Notes on Aretha Franklin’s “Think”
In the beginning the rumble of bass notes on a piano.
Then the word.
The word becomes imperative:
What process does the demand set in motion?
What meanings organize themselves around the word?
Before “Think” came the song nearly synonymous with her name.
“Respect” was written and recorded by Otis Redding in 1965.
Two years later Aretha covered it and flipped the gender.
She turned a plaint into a manifesto – spelled out and re-re-re-re-peated.
Though most of Aretha’s hits were written by others, she wrote “Think.”*
You better think (think)
Think about what you're trying to do to me
Think (think, think)
Let your mind go, let yourself be free
Then comes the bridge. And with it a key-change, rhythm shift, and soaring, ecstatic vocal:
Oh, freedom (freedom), freedom (freedom)
Oh, freedom, yeah, freedom
Freedom (freedom), oh oh freedom (freedom)
Freedom, oh freedom
Like “Respect,” “Think” constitutes a demand to be treated as a subject. But it penetrates even closer to the core of things. In “Think,” a change of attitude will not suffice. “Think” insists on an internal shift on the part of the other.
It also sounds a warning:
People walking around everyday
Playing games, taking scores
Trying to make other people lose their minds
Ah, be careful you don't lose yours
Effortlessly, the lyrics slide between interpersonal and social realms, and establish an oscillation between them. Hard and fast differences cease to be static and realign toward a survival-driven common interest.
You need me (need me)
And I need you (don’t you know)
Without eachother there ain’t nothing people can do
In two minutes and fifteen seconds “Think” radically upends the unthought premises on which the structures of race and gender relations are built. In doing so, “Think” echoes and distills a principal theme infusing James Baldwin’s literary work.**
After all, women and men, share a common history, as do the “races”:
Let’s go back, let’s go back
Let’s go way on, way back when
I didn’t even know you
You couldn’t have been too much more than ten (just a child)
I ain’t no psychiatrist, ain't no doctor with degrees
But, it don’t take too much high IQs
To see what you’re doing to me
Down the years, the needle skips in the groove.
“Look at me when I’m speaking to you!”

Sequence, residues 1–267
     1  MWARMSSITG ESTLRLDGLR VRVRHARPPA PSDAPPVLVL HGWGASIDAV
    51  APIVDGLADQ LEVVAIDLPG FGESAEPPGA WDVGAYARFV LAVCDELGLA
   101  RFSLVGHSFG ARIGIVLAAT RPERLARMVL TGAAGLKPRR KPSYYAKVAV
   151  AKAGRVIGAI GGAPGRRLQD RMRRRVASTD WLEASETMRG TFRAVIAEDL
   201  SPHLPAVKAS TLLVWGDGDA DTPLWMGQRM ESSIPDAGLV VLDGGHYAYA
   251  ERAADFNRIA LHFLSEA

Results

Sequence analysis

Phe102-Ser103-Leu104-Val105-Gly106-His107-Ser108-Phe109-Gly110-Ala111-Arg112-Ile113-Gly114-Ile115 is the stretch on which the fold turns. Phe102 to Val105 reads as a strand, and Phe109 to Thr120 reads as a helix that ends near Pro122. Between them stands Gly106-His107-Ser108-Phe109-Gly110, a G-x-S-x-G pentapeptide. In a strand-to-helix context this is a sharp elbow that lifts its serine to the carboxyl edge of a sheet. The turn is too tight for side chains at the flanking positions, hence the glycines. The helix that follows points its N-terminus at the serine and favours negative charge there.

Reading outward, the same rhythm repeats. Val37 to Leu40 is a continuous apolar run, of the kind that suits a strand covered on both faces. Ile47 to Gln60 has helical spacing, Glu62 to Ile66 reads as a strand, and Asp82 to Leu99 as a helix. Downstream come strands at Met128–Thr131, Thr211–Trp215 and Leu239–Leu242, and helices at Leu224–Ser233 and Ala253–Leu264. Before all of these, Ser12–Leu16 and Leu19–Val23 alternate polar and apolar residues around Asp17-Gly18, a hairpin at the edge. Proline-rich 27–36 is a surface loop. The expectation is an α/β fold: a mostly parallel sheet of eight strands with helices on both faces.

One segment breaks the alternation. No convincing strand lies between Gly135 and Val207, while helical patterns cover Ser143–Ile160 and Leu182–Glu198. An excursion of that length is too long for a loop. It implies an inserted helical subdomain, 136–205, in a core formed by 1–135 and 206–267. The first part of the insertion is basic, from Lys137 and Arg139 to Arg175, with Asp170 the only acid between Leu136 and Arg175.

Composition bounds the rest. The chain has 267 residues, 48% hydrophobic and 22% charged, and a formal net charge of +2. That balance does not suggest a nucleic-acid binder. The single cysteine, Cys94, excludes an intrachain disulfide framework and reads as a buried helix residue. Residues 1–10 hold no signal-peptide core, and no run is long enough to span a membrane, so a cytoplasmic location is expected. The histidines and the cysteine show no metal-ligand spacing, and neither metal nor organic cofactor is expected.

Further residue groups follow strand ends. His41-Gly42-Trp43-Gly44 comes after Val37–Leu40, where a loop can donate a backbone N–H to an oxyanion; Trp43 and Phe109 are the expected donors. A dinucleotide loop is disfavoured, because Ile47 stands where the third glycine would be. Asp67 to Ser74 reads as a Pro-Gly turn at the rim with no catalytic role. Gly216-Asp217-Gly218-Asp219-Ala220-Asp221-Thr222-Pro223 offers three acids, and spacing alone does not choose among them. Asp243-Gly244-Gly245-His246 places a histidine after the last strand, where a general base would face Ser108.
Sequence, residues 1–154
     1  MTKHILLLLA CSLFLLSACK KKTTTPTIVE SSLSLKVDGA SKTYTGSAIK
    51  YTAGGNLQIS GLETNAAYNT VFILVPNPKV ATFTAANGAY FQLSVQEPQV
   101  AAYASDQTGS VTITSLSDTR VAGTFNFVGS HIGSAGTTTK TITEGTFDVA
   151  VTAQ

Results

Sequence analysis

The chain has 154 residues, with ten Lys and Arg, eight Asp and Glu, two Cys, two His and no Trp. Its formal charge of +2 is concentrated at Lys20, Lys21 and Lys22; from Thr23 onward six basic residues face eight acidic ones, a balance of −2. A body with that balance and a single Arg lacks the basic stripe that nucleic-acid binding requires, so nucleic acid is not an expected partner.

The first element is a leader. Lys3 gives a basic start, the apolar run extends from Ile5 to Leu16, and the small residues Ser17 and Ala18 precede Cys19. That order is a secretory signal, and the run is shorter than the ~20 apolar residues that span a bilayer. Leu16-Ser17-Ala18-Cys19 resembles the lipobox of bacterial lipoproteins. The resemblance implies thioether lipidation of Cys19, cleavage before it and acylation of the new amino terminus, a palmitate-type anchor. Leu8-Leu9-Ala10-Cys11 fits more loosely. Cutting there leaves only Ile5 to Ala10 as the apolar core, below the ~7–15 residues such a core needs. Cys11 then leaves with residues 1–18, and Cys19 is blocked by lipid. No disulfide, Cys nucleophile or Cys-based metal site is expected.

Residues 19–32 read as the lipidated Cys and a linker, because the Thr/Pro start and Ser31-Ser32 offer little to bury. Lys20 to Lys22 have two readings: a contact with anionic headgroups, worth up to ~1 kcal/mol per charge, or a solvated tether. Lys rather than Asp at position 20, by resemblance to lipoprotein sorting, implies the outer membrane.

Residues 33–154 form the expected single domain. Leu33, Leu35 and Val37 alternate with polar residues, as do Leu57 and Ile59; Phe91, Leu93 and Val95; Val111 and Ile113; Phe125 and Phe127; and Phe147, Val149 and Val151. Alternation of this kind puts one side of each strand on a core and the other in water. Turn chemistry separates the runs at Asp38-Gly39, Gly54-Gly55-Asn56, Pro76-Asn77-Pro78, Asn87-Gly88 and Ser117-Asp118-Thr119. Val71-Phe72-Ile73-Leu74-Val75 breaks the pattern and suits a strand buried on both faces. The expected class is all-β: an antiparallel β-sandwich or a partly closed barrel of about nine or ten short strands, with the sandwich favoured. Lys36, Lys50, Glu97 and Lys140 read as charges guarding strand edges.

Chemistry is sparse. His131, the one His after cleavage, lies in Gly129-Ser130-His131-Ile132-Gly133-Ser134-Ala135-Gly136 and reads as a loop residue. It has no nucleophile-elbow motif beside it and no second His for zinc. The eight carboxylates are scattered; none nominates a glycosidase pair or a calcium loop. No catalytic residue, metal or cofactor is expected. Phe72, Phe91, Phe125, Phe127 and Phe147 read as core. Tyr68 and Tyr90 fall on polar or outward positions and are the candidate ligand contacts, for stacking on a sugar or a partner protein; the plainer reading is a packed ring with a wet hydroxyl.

—Ana Maria Archila to U.S. Senator Jeff Flake, September, 2018.
Ms. Archila made her demand during the confirmation hearings for Brett Kavanaugh’s Supreme Court nomination. A video of Archila and Flake’s encounter in a capitol hill elevator captures him at first looking down, then raising his eyes to meet hers.
It is worth noting that the personal pronoun “me” as used by both women signifies the achievement of an “I.”
The “I” recognizes itself as a subject among subjects. Such an “I” potentiates the “We.”
Therein lies the special power of “Think”’s demand. Even as it chastens, it incites the liberatory possibilities of thought when it is deployed among fully constituted subjects.***
Yeah, oh baby, think about it now, yeah
Think about what you’re trying to do to me
Think (think, think)
Let your mind go, let yourself be free…
For the record:
Aretha Franklin. Born Memphis, TN, 1942. Died Detroit, MI, 2018. https://en.wikipedia.org/wiki/Aretha_Franklin
At his funeral in 2006, Aretha lauded Ahmet Ertegun as her musical and personal mentor. Born in Istanbul in 1923, Ertegun immigrated to the U.S. at the age of twelve, and subsequently co-founded Atlantic Records.
“Think” was produced for Atlantic Records by Gerald “Jerry” Wexler. Born in the Bronx of German and Polish Jewish parents in 1927, Wexler died in 2006. He is credited with having coined the term rhythm and blues. https://en.wikipedia.org/wiki/Jerry_Wexler
For the ear:
Otis Redding: “Respect”: https://www.youtube.com/watch?v=KvC9V_lBnDQ
Aretha Franklin: “Respect”: https://www.youtube.com/watch?v=6FOUqQt3Kg0
Aretha Franklin: “Think”: https://www.youtube.com/watch?v=hsL9UL9qbv8
Sly & The Family Stone: “Stand”: https://www.youtube.com/results?search_query=sly+stand
The Staple Singers: “Respect Yourself”: https://www.youtube.com/watch?v=-1pYKdqD1ls
* Teddy White, Aretha’s then-husband, shares writing credit for “Think.”
** TJ hop skip and jump down the block. WT and Blinky right behind him. They pass the liquor store on the corner and they turn left. There the barber shop with the men standing in front of it and the men inside. There the dude outside who sells Muhammad Speaks. TJ’s father read Muhammad Speaks sometime, but then he say, “Don’t you believe everything you read. You got to think about what you read.” His Mama say, “But read everything, son, everything you can get your hands on. It all come in handy one day.”
TJ don’t really understand none of this yet, but she say, “Don't worry. You going to understand it.” [From James Baldwin’s illustrated novella, Little Man, Little Man: a story of childhood. New York: Dial Press, 1976; Durham, NC: Duke University Press, 2018.]
*** “I will be even with you,” writes Whitman, “And you shall be even with me.”